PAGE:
I highly recommend Brant Pitre’s Jesus and the Jewish Roots of the Eucharist. Pitre examines the New Testament’s Eucharistic texts along three major axes: the Passover, the manna and the bread of the presence. Most Christians will be at least somewhat familiar with the Passover material. The manna texts will be less familiar, while the imagery surrounding the bread of the presence will be largely unknown. In addition to drawing on Biblical material, Pitre looks at early Common Era Jewish texts (i.e., the Mishnah, the Targums, etc.) that illuminate how Jesus’ Jewish audience might have understood his words and actions.
Pitre returns to the Passover theme in the fourth major section of the book, with an examination of Jesus’ enigmatic statement that he would not again drink of the fruit of the vine until the kingdom of God comes. Pitre’s interpretation here, he admits, is more conjectural, but it brings a quite plausible unity to the events of Holy Thursday and Good Friday.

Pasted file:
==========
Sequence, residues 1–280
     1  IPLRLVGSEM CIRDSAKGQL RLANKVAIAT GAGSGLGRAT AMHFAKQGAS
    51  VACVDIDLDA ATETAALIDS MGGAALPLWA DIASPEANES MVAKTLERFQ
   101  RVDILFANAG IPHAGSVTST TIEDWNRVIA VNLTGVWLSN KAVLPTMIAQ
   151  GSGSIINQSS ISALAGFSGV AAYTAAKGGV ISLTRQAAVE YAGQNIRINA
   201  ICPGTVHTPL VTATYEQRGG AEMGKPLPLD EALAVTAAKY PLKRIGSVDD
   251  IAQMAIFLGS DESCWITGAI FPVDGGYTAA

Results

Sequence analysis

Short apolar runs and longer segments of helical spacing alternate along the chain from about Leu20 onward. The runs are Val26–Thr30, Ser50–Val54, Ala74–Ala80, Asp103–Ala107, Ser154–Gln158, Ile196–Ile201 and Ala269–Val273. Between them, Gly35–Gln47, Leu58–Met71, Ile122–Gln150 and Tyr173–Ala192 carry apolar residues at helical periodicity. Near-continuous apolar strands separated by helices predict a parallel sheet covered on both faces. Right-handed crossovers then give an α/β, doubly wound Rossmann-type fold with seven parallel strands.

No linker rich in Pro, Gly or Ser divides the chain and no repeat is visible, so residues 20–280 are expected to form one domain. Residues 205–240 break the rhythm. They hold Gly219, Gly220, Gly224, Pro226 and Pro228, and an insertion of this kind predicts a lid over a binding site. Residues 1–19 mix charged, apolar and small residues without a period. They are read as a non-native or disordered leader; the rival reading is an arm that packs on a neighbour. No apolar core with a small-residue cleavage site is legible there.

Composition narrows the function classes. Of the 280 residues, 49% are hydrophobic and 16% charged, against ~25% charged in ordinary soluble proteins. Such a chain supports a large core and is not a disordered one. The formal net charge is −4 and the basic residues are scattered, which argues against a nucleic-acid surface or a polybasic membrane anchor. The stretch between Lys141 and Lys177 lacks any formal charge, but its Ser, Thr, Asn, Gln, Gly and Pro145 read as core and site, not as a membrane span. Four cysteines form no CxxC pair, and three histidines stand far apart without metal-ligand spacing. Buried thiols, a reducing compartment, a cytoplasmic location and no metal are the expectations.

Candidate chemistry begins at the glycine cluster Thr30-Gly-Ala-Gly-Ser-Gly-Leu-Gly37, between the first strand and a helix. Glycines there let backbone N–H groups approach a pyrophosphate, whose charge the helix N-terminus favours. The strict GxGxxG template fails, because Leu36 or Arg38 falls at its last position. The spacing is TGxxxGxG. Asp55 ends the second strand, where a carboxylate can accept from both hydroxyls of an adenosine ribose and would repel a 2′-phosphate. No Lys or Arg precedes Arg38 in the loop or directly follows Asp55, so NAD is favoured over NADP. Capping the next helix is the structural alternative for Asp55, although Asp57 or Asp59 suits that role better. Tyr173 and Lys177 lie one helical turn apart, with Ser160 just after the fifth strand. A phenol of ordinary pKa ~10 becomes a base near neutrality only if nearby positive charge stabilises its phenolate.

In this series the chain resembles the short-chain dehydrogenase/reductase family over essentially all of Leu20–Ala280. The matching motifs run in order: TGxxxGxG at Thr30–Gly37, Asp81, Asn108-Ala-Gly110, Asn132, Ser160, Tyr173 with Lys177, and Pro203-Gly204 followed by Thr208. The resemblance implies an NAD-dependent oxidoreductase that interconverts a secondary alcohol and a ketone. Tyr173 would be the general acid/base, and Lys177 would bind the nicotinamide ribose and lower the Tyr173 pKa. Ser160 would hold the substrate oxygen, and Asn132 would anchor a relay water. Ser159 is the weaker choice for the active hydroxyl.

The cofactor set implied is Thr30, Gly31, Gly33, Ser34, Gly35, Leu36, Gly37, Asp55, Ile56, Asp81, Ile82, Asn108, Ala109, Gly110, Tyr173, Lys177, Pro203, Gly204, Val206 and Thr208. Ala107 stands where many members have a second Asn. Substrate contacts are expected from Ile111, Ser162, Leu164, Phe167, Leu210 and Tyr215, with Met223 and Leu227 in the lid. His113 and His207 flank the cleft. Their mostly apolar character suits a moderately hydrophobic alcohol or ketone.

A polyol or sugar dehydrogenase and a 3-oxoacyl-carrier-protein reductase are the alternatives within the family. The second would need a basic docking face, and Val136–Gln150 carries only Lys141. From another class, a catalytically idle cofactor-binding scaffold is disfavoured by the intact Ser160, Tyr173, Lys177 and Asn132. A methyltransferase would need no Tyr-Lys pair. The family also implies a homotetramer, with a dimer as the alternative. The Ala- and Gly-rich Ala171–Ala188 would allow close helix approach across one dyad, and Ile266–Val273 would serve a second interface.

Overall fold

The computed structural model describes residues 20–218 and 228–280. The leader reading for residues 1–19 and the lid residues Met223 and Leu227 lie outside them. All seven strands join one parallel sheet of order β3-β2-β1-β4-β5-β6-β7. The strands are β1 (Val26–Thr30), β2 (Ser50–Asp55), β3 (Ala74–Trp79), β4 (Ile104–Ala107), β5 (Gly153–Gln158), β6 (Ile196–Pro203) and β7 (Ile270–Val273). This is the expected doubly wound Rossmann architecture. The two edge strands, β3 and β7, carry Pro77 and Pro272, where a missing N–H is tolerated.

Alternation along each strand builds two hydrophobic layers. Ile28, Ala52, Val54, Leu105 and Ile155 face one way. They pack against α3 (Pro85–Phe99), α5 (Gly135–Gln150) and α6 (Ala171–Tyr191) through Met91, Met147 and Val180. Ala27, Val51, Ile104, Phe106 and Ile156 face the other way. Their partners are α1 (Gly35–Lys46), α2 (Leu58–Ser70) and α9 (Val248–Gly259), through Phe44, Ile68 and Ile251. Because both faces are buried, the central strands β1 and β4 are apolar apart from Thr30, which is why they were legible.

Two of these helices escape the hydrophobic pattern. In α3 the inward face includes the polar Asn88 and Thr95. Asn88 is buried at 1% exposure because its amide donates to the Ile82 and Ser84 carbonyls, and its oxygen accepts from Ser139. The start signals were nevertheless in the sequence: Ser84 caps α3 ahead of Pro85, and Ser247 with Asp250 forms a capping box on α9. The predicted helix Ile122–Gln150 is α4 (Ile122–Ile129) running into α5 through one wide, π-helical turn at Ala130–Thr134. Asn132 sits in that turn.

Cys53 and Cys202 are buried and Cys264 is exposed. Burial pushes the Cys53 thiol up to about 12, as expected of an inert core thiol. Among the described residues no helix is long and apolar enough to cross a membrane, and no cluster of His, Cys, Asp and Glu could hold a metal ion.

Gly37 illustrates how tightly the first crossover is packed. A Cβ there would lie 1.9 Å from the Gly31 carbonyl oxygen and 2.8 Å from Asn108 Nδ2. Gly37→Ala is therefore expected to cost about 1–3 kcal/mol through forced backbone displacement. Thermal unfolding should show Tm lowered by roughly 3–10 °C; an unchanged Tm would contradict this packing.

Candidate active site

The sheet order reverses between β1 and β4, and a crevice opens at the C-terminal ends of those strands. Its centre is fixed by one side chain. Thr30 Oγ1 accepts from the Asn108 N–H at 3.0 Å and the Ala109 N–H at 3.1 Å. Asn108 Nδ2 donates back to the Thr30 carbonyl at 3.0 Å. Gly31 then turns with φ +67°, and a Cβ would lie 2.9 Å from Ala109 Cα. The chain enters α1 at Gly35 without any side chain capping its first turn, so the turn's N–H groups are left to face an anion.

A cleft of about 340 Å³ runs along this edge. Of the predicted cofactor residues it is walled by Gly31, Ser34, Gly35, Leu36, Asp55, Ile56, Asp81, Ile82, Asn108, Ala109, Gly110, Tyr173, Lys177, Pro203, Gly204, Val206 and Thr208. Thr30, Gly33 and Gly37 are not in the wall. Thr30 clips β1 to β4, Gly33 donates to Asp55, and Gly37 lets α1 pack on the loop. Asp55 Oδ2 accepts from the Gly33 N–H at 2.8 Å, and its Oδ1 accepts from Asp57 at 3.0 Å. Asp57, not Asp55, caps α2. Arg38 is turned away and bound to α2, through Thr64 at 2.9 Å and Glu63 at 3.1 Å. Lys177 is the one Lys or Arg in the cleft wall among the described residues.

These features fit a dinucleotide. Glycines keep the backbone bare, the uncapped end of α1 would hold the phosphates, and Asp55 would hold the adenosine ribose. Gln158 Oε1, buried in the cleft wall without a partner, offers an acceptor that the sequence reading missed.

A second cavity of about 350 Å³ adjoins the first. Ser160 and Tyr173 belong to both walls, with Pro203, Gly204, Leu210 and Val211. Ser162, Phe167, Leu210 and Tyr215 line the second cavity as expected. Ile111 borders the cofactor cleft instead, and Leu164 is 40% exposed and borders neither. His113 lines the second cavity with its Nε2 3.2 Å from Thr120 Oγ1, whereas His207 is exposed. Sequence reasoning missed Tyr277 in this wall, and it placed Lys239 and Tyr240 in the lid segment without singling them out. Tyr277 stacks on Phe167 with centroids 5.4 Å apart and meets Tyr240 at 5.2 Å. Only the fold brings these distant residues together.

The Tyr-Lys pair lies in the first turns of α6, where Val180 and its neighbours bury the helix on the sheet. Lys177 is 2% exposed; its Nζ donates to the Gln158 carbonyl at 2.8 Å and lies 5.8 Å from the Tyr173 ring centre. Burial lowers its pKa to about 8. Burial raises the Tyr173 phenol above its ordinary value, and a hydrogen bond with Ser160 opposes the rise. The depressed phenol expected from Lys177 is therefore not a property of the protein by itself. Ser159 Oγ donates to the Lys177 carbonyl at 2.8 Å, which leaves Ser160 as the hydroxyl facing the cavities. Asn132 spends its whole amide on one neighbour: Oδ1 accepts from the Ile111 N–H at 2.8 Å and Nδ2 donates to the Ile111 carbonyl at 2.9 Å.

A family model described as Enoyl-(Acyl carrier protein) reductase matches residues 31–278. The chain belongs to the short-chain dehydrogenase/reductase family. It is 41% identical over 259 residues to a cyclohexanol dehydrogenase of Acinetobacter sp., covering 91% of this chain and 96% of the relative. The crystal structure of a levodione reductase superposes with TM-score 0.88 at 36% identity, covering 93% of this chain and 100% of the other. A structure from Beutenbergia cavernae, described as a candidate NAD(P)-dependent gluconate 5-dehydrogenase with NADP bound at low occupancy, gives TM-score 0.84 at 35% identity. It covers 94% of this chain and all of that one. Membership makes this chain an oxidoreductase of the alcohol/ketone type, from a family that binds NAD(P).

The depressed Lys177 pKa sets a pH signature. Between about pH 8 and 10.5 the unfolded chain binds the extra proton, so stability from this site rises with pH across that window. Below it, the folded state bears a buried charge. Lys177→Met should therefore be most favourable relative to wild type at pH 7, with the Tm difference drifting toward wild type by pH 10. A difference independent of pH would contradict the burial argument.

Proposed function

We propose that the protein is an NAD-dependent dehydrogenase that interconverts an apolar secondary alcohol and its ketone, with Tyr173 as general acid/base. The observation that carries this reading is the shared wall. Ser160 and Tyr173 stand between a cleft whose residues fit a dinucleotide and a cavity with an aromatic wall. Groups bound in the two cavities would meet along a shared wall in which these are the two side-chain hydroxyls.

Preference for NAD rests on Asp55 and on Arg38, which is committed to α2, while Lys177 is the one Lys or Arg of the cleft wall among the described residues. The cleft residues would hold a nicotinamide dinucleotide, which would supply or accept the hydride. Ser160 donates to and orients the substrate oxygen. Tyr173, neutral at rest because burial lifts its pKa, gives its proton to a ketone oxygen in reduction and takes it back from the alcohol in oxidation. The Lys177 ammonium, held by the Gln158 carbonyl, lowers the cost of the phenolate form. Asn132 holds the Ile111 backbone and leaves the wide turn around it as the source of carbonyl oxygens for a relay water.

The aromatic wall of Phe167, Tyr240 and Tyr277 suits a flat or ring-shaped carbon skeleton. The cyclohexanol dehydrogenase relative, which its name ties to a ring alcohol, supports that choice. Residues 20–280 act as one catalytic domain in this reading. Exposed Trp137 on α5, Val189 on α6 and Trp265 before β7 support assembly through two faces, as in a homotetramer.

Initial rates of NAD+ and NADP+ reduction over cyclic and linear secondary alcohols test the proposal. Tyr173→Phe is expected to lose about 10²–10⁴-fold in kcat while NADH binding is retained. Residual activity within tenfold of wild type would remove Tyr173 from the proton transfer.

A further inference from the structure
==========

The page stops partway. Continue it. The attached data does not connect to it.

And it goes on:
Pitre is a devout Catholic and the church’s Eucharistic theology often takes center stage in Pitre’s interpretation. He also holds a PhD from Notre Dame in “Christianity and Judaism in Antiquity” and he writes within the current stream of Biblical scholarship. There is a goldmine in Pitre’s book, even for those who believe that while “the bread which we break is a partaking of the body of Christ; and likewise the cup of blessing is a partaking of the blood of Christ:”, it is also true that “the body of Christ is given, taken, and eaten in the Supper, only after a heavenly and spiritual manner. And the mean whereby the body of Christ is received and eaten in the Supper is faith.” (Article 18, Methodist Articles of Religion).